I'd like to address a couple small discrepancies in the writer's account, though. The Lookouts did in fact play some local gigs, and my first encounter with Piano Jimmy came at a gig I myself had set up at the old Czech Lodge (later Grapewine Station and Area 101). Although I'd seen Jimmy play with Slim's excellent band, the Red Hots, I'd never had any personal interaction with him until, in the middle of our set, he unplugged our power to show his disapproval of our music.

"That's not music, it's just a bunch of noise!" he shouted, which, I pointed out, was the same thing my father always said about any music created after the 1940s. But to be clear, this was our gig, and Jimmy was there voluntarily as a spectator. It was a free show, and nobody was forcing him to be there or to listen to us.

The unfortunate incident of the black eye happened at Harwood Hall in beautiful downtown Laytonville a couple of years later. Slim's band was playing a benefit show for the family of a young girl who'd tragically drowned, and he (Slim) invited the Lookouts to perform as well. By this time we actually had learned to play our instruments (a little, anyway), but even I had my doubts as to whether our style of music was appropriate to the occasion. But Slim encouraged me, saying that it would help create a feeling of the whole community uniting behind the bereaved family.

So we'd hauled all our instruments and equipment down from Spy Rock and were nervously waiting, not sure how we'd go over with the crowd, when Slim told me to get our gear up on stage and start playing. It was at that point that it became clear Jimmy was determined not to let us play, as he started removing our equipment from the stage as quickly as we could get it up there, then plugged in his piano and started noodling around with a fellow musician. Slim refused to take sides, essentially saying, "It's between you and Jimmy," and that's when I made the stupid move of banging on Jimmy's keyboard and received a hefty punch in return.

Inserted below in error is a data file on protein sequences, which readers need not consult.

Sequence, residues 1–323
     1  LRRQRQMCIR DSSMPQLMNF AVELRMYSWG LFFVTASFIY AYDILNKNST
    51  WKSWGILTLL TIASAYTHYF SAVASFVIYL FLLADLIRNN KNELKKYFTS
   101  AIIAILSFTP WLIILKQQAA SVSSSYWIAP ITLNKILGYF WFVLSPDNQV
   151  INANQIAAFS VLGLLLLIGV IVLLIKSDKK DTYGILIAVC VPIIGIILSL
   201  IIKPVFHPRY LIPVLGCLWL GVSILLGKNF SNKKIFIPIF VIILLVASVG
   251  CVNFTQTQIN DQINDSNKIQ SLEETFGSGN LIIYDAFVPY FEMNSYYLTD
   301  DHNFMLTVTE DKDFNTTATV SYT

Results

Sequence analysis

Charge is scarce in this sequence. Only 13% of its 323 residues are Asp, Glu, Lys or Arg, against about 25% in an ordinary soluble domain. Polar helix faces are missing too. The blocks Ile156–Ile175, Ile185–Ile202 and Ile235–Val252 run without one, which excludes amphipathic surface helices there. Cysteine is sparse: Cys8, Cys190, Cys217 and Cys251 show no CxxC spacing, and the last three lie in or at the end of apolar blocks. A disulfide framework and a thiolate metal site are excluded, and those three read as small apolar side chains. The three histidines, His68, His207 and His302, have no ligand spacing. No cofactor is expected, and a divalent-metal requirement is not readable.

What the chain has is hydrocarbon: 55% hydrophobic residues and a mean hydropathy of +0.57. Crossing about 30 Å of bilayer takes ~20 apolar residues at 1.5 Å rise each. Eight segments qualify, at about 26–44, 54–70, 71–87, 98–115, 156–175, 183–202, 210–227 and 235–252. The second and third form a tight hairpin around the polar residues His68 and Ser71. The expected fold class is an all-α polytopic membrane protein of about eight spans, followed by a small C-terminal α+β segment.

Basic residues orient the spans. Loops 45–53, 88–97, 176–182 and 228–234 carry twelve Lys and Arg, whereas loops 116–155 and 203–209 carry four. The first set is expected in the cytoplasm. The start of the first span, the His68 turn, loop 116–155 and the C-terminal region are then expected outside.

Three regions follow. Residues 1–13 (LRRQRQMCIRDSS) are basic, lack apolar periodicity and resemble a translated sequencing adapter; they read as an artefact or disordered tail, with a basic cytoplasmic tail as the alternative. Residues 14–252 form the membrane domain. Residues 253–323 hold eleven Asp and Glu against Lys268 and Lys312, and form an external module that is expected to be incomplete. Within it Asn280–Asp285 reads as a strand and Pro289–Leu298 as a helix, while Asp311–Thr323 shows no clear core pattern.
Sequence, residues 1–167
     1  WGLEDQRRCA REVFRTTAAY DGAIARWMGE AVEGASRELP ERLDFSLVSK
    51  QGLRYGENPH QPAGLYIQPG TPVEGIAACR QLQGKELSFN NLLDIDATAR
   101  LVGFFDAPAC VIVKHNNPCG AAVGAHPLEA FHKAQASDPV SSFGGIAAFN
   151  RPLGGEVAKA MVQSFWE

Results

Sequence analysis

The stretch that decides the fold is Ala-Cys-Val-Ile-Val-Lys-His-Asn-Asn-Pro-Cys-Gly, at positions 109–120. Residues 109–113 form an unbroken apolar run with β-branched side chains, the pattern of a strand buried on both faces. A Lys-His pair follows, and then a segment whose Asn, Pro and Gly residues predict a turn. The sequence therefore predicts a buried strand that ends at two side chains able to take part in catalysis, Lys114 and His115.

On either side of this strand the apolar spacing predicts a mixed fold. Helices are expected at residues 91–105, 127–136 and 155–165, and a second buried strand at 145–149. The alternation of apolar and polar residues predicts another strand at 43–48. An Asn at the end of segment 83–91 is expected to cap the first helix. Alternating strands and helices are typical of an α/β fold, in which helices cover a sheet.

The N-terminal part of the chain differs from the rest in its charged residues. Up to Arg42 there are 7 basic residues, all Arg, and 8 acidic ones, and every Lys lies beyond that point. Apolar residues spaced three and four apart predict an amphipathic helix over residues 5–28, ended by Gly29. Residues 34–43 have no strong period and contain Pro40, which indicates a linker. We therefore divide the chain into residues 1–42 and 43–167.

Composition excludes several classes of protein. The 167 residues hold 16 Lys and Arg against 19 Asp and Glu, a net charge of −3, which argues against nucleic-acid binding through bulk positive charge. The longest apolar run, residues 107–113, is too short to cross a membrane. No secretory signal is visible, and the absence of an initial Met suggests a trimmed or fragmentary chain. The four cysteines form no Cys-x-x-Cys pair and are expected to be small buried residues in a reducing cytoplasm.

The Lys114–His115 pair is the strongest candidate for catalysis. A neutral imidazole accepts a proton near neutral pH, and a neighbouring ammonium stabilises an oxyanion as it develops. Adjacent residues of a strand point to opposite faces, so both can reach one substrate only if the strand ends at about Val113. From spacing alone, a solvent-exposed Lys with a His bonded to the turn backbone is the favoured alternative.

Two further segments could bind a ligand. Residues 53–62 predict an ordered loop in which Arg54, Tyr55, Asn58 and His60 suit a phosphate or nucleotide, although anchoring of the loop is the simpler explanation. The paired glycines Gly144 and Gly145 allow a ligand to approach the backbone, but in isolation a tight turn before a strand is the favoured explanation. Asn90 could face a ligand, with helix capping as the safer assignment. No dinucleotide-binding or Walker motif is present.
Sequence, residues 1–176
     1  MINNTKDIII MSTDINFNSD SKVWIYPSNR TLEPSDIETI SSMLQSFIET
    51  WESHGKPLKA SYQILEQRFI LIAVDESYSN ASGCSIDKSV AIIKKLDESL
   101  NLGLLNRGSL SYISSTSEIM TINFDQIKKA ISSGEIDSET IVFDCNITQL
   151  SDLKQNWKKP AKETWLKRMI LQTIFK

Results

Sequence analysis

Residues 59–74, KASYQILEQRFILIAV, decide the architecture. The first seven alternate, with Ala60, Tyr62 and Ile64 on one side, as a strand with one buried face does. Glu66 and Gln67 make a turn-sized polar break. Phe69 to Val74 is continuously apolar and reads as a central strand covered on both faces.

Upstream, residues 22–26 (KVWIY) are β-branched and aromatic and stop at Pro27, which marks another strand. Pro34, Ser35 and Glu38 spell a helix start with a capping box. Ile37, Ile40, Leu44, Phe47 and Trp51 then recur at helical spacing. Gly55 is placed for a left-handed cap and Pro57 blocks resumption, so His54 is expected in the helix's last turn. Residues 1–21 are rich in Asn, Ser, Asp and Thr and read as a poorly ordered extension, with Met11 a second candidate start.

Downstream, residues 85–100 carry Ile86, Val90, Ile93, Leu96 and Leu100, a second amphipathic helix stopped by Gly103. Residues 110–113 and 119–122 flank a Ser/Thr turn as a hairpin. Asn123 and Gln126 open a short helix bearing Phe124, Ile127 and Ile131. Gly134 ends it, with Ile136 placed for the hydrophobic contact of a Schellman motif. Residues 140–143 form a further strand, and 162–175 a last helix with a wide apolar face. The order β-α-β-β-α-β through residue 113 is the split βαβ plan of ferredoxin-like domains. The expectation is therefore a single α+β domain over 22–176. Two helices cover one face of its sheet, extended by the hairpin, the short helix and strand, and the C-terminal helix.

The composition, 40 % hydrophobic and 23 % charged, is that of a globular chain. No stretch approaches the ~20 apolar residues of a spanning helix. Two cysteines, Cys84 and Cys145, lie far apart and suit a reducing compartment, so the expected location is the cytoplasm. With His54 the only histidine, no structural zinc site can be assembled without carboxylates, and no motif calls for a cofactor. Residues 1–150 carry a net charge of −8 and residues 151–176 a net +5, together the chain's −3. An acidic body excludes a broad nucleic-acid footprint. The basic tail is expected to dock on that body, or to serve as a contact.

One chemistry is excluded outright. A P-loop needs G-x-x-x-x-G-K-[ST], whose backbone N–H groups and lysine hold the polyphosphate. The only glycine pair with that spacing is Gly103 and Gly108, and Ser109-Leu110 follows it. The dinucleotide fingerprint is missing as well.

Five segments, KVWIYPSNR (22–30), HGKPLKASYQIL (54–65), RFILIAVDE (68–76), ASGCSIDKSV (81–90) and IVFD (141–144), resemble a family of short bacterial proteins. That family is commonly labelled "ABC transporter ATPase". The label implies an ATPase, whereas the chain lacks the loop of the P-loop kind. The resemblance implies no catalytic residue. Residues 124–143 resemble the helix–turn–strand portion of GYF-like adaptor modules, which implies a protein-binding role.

In retrospect, we probably shouldn't have been playing that show, but neither should Jimmy have been trying to use force to stop us from doing so. There are a lot of bands and musicians I can't stand listening to, but I'm pretty sure I've never physically tried to stop them from playing (maybe the fact that I'm only about half the size of Piano Jimmy had something to do with that). A lot of water under the bridge now (and hopefully there will be a lot more, if this accursed drought ever comes to an end). We found our audiences elsewhere, and all lived happily on.

I do agree to some extent that marijuana ruined things for the community, but one can't say that without acknowledging how, before it became Big Business, marijuana also enabled much of the community that we now remember so nostalgically. The same could be said of the logging and timber industry that preceded marijuana: Laytonville wouldn't have had much reason to be there without it, yet even though it created an economy that allowed families and businesses to (temporarily) thrive, it wound up destroying much of what made the area special. I guess you could say that about any industry that completely dominates and controls a city or region (I grew up in Detroit when the automobile was king, and look how that turned out).

I was surprised to hear Joe Knight mentioned with such vehemence. Joe was a columnist for the Laytonville Ledger, the town's weekly newspaper that preceded the Mendocino County Observer. He never wrote for the Lookout, nor would he have been allowed to, as I found his opinions too wishy-washy (though he himself, the couple of times I met him, seemed like a decent guy). I guess that was the thing, though: the radical firebrands didn't like his writing because it was too moderate, whereas the more reactionary locals thought of him as a contemptible liberal. I myself was banned from the pages of the Laytonville Ledger, which is how I wound up starting the Lookout, but that's another story.

Once again, thanks for the news and memories, and it sounds as though - bar a few not so significant details - we agree on more than we disagree. I've always told people that my time on Spy Rock and in and around Laytonville, was one of the most priceless and formative periods in my life, and I expect I'll continue saying so until they cart me away, so let me send my fond wishes and regards to all who once lived there or still do.

Lawrence Livermore